Category Archives: Street Photography

Day of the dead (Dia de los muertos), Mission District, San Francisco, USA.

Day of the Dead, San Francisco

Earlier this month, I visited the mission district in San Francisco to photograph the Day of the Dead celebrations.  It was after a gap of nine years that I went to photograph this tradition also called ‘Dia De Los Muertos’ and was very surprised to see the overflowing crowd at the Garfield park this year.  This event seems to have become very popular by leaps and bounds.

I have uploaded some more photos in my photo archive that might interest you:  Dia De Los Muertos, Mission District, San Francisco

The following are my first impressions after attending the Dia De Los Muertos in San Francisco nine years back…

The sky weeps as a light rain falls. Human spirits, faces painted in white, eyes adorned with black circles, walk somberly. The light from the candles that the hands hold, is casting an eerie light on the face. Dead people are walking; dead in illusion but their spirits are alive. Death being a mere illusion for the living spirits. Altars have sprung up everywhere. Altars for the departed souls replete with food for the them, their favorite wines and food. Photos of the ones watching from above, adorn the altars as the living seek harmony with the dead.

A few hundred candles burn, lighting up the dark. A painted skeleton peeps into the mirror only to find itself staring back. A stark reminder of the image we might be, when the spirit leaves for the world beyond. I am drawn to the candles, slowly giving their life away to illuminate the world around. A little girl stands. holding a red candle, fascinated by the candle and the glow emanating from it.

I feel hesitant, unsure whether capturing these moments would mean intruding into the private rememberances. As I look through the lens, I feel one with the spirits, dead and alive. It’s another day, a celebration of being alive…

If it interests you, you may see some of those old photos from Day of the Dead 

I hope I get to see the dancing calaveras next year again.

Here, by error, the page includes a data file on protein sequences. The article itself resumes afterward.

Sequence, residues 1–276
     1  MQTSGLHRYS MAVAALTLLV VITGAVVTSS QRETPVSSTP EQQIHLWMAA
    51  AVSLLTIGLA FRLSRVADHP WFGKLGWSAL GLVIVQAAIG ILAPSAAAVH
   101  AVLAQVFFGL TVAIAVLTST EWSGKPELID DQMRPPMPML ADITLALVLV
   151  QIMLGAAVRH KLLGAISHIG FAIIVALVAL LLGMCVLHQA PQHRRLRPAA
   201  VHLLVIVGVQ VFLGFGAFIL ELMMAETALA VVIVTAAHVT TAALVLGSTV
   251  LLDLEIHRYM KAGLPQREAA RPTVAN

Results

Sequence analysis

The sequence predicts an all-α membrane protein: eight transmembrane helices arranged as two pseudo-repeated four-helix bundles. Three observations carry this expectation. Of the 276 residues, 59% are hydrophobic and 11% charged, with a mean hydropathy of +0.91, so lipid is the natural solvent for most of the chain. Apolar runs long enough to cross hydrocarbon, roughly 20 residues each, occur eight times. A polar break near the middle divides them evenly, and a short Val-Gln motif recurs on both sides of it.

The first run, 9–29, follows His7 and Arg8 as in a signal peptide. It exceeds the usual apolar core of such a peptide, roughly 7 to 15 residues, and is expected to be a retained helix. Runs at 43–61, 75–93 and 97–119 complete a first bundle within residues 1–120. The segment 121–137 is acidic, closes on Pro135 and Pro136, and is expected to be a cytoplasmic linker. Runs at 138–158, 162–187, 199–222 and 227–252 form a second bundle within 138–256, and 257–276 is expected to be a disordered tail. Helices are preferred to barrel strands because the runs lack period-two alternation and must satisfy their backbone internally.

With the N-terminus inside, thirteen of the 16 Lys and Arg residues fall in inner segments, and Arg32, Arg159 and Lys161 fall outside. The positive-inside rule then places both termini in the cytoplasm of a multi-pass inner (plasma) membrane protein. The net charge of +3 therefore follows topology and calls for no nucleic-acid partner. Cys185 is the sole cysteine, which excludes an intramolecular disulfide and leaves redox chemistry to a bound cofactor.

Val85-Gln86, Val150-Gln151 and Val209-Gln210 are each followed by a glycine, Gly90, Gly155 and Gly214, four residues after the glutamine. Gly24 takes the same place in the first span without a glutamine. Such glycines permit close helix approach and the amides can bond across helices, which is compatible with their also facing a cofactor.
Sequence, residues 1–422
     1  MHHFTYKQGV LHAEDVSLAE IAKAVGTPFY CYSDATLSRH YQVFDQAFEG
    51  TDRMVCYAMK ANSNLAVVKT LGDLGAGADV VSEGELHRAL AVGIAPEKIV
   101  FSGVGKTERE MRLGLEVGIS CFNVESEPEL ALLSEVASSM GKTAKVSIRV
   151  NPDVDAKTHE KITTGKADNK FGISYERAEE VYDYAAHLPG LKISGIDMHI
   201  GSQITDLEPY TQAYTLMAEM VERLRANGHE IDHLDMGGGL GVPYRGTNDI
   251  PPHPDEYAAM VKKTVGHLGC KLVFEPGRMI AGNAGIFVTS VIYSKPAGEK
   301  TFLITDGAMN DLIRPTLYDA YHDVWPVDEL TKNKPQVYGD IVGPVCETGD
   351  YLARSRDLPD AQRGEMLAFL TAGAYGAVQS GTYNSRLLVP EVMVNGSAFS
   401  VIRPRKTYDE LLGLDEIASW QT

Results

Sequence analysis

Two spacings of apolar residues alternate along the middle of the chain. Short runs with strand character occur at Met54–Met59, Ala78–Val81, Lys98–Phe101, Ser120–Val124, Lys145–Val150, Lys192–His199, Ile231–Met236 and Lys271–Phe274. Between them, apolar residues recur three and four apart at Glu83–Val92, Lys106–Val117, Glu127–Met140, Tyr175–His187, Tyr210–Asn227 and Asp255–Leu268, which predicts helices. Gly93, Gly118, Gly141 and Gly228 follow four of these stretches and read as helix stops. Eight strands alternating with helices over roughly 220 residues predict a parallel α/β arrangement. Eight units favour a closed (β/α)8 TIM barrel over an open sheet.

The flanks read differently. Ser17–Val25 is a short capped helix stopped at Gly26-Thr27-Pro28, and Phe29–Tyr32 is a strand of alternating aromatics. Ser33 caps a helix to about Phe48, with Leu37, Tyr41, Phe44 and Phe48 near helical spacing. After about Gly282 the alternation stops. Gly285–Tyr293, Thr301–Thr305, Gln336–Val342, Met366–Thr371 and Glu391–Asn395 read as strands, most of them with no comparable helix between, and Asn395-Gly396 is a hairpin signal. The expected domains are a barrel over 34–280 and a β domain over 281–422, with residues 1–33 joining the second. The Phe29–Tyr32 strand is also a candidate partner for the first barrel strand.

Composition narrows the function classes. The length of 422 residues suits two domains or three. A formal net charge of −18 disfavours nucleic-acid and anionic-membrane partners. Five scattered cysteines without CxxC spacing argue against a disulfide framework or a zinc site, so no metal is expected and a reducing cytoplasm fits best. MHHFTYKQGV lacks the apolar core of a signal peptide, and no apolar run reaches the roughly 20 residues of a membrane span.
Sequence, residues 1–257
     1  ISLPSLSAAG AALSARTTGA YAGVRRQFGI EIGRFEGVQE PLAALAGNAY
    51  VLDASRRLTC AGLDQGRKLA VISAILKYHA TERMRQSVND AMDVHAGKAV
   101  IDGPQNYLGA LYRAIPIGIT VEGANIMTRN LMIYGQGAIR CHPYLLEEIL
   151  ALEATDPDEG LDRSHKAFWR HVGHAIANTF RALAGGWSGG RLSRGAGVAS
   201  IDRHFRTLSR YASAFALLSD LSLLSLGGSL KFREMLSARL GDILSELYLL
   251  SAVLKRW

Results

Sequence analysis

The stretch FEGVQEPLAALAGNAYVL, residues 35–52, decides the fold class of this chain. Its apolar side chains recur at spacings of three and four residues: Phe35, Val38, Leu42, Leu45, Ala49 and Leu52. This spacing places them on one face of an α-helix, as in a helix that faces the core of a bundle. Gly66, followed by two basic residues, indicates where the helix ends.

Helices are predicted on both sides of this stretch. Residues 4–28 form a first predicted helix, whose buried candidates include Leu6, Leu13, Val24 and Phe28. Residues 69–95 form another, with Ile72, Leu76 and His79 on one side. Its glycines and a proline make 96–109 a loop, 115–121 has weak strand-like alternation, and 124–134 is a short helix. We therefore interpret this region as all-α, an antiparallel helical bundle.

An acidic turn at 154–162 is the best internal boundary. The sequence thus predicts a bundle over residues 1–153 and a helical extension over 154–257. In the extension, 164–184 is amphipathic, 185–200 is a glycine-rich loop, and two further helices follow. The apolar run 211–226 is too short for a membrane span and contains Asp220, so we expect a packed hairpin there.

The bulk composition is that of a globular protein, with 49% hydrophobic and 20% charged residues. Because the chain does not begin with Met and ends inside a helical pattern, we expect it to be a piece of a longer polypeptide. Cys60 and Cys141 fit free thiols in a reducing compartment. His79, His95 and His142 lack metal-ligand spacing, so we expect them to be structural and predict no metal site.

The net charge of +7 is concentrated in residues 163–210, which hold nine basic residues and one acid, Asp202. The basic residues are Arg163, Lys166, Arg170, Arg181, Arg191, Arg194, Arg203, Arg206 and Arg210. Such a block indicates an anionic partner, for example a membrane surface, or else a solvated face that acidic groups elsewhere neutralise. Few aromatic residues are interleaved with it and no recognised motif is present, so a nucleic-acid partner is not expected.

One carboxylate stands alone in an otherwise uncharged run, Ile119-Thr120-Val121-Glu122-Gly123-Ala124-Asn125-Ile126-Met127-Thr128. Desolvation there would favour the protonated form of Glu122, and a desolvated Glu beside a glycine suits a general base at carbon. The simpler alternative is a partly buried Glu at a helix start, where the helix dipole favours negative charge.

Different Childhoods

Different Childhoods

“Be careful! Where are you going?”
Well-dressed, sheltered kids curbed their naughtiness as they heeded the warnings let out by the elders. The polythene, trash strewn water could be deep. They wanted to have fun but not at the cost of their clothes or the anxious commands of their elders. As they climbed up and down the steps cheerfully and carefully under the watchful eyes of their parents, two other kids jumped down from the platform in the middle of the pond.

The new entrants playfully jumped through the shallow, dirty water towards the side of the pond. The sheltered kids watched spellbound with wonder and amazement at these kids gamboling through these dirty waters. Do not know what was going through their minds as they looked at the kids who freely frolicked in the waters. Different childhoods – sheltered versus unshackled!

As parents or elders, do we sometimes shelter our kids too much? Should we let them enjoy the simple things in life? Do we curb their natural, curious instinct, exploratory spirit in the process of sheltering them? I remember we used to sometimes float paper boats in the roadside puddles. Do not see that happening very often now a days. Are the kids today more mature, more worldly-wise albeit minus the playful, exploratory spirit?

Venice, a dream…

“Venezia Santa Lucia”, the train station.  My train from Rome comes to a halt and I eagerly get off not wanting to waste any of my precious time here.  The weather gods had not been kind the past few days and I was prepared for a rainy dream.  It had always been my dream to visit Venice; specially during Venice Carnival when people masquerade in elaborate costumes and Venetian masks.

It was raining when I got to my hotel, five minutes from Piazza San Marco, behind Teatro La Fenici.  Having parked my belongings, I came to the piazza just as it drizzled slow and steady.  As I walked, shielding my camera, the sky started to open up and smile.  I would actually get to see the sunset this evening.  The light was  breathtaking and for a change, I forgot to click, telling myself that I will have a couple more days.  Little did I know that this would be the best light I will see on this trip.

The next day, I walked around photographing architecture, people and the colorful window displays in the galleries and shops. Narrow streets connected by bridges over a network of canals, it was easy to lose oneself, literally. The museums and palazzos in Venice close early. In between visiting the beautiful churches, palazzos, I could not indulge myself with a Gondola ride. But indulge I did, in other ways, with scoops of delicious gelato and omnipresent pizza. I was in heaven!

I had bought a pass for the water taxi.  This way, I could get around without too much hassle.  This turned out to be a good decision.   The sun and the rain gods were being mischievous, playing hide-and-seek, determined to make this trip more memorable.

When it rains, it pours and by god, it poured hard. People huddled under umbrellas as they tried to enjoy a soggy gondola ride. Even, some of the gondoliers brought out umbrellas as they went about earning their livelihood.

I was happy as adversity brings different, maybe better, opportunities. And, the rains brought me some different pictures…something different…

After a good downpour, the sun decided to trade places, making the dream, even more beautiful.

I did not shoot too many night photos in Venice. By the time, I got back to hotel, I felt too tired to lug my tripod around especially in the rains. No pain, no gain. Maybe, Venice will call me again. I will wait. It is just the beginning….my Venetian dream.